Club Marine Reviews Haines Hunter 585R
26 Aug 2014

Club Marine Reviews Haines Hunter 585R

A boat for all occasions

Circumstances conspired to make the lead time into this review of Haines Hunter’s new 585R ridiculously short. Murphy’s Law had decided to join the fun and very cleverly threw a few spanners into the works. Top marks, then, to the team at Matthew Willett Marine, on Sydney’s northern beaches, for having the boat ready in immaculate condition for the appointed time. Led by service manager Nik Larsson, the MWM crew did a superb job and the boat was a stand-out in every way.

While there are numerous specialist designs available these days, most trailerboat buyers are looking for a multi-purpose craft and the 585R fills the bill admirably. Haines Hunter invested quite a deal of research and development in this hull to have it meet performance expectations – from offshore fishing to inshore cruising and water sports.

For convenience and extra value, the company has 585R packages with a Mercury outboard and Easytow trailer. This heavily optioned 585R was priced at $84,500 ready-to-go, with base pricing starting at around $79,800.

An integral bowsprit with inset anchor roller is a neat feature at the stem and carries the overall length from the 5.85m implied by the model name to an overall length of 6m. The beam of 2.4m gives a spacious interior and the cuddy cabin offers shelter and overnighting ability in vee berths that convert to a double with an optional infill.


Also optional is a toilet, either electric or a Porta Potti. There’s no provision for a sink or stove, but there are plenty of camping set-ups that could be taken onboard for simple cooking and cleaning tasks if weekends away were part of the plan to enjoy the 585R. The cabin is both practical and appealing; the small floor area is simply flowcoated, but the cabin sides are carpeted, with shelves. There is lots of under-seat stowage and an overhead hatch.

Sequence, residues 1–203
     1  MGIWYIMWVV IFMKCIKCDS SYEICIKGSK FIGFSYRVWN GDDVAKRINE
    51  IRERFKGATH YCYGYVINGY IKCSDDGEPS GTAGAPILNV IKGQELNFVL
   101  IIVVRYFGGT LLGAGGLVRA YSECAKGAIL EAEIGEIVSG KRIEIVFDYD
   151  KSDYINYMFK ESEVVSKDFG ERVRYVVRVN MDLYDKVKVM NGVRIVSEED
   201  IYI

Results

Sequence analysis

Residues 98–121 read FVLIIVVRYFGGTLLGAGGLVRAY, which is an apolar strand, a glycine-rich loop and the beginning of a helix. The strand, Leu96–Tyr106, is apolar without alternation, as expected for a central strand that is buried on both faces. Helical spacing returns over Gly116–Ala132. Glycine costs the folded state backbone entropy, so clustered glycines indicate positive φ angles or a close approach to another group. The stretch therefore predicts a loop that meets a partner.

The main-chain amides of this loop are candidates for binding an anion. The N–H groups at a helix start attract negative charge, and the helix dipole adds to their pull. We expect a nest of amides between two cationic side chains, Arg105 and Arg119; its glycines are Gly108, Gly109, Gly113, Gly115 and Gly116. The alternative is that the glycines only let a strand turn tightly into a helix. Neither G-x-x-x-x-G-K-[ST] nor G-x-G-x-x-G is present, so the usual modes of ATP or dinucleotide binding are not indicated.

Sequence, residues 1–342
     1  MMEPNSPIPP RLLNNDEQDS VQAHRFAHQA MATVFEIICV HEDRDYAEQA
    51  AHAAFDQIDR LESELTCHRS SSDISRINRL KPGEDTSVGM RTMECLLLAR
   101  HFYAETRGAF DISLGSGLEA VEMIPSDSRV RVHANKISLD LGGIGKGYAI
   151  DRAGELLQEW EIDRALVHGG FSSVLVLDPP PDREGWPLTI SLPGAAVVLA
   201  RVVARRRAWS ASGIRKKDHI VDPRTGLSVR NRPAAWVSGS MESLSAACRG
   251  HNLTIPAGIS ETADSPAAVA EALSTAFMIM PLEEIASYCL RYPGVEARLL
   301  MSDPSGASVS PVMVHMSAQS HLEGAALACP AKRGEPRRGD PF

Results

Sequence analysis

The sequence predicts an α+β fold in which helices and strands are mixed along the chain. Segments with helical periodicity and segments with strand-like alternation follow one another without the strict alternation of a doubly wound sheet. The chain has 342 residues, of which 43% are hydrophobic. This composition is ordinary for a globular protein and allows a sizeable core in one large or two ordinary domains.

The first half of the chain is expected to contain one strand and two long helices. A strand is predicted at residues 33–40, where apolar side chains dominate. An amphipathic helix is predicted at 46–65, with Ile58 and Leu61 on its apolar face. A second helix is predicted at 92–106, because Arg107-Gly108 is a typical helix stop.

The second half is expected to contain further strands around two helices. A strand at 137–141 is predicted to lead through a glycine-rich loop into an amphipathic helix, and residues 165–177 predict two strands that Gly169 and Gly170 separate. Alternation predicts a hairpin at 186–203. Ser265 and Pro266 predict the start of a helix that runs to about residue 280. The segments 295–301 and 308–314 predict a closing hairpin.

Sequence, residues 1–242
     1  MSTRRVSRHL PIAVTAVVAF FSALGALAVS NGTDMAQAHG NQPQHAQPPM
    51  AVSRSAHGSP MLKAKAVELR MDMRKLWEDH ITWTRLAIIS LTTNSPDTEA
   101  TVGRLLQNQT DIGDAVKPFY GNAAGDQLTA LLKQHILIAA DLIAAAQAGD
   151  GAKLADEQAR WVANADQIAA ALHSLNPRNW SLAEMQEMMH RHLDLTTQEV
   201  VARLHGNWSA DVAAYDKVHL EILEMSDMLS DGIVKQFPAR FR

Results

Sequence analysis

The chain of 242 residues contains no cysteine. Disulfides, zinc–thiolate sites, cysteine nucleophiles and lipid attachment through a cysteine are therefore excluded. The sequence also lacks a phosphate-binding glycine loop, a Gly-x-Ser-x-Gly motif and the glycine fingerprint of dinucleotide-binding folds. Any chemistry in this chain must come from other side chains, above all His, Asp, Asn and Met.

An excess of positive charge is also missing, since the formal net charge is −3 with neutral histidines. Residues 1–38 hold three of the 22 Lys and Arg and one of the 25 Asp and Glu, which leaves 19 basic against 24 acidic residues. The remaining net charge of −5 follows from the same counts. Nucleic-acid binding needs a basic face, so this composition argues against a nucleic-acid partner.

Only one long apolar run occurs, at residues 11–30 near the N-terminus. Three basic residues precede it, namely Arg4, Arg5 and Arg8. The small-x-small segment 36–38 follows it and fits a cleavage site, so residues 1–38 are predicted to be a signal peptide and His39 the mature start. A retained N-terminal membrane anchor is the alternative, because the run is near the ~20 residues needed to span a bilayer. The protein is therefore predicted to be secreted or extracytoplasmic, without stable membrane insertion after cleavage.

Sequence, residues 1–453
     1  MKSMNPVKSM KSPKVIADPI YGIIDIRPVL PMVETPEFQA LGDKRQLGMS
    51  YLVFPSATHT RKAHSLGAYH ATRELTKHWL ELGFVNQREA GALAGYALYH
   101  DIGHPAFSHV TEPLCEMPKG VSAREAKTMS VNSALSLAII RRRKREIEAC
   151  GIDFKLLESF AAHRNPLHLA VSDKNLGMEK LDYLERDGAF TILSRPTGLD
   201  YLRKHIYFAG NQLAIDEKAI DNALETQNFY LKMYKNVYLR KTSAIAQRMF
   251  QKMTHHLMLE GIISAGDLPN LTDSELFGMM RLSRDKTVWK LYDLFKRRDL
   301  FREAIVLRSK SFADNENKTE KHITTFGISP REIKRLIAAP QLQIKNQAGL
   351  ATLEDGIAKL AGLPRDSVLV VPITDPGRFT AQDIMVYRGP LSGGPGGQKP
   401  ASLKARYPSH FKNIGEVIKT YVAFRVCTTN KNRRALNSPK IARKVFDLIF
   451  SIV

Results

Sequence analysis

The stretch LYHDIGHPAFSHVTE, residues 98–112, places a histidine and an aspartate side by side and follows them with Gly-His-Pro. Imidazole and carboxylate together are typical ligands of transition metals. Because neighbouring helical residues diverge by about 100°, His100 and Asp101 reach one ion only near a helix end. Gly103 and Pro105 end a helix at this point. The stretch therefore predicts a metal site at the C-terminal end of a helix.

The latter opens for easy access for anchoring/mooring duties, with a generous anchor well under its own foredeck hatch. An electric anchor winch is a desirable option, and was fitted to this boat. A stainless steel guardrail protects the foredeck and forward side decks, while low-profile grab rails run up the transom quarters.

Two rodholders are standard in each cockpit side deck and our review boat also had an optional well-designed stainless targa arch above the bimini with a six-pack of rocket-launcher rodholders. Also optional was a cork-finish sole to the cockpit that looked very smart as well as being practical. Bi-level side pockets, with rod racks in the lower pockets, plus a large underfloor storage locker will absorb all the tackle needed for fun on the water.

A half-beam lounge cleverly folds out-and down across the centre-back of the cockpit. Behind that a clip-out vinyl screen gives access into the aft bilges, which hold dual batteries plus other engineering accessories and a bilge pump. A hatch to starboard of the lounge gives quick access to the battery master switch, and above that in the aft deck is a hatch for the livebait tank.

There’s provision for a bait prep board to fit centrally above the mini aft deck, while to port is an entry passageway from a transom boarding step that’s fitted with a drop-down swim ladder.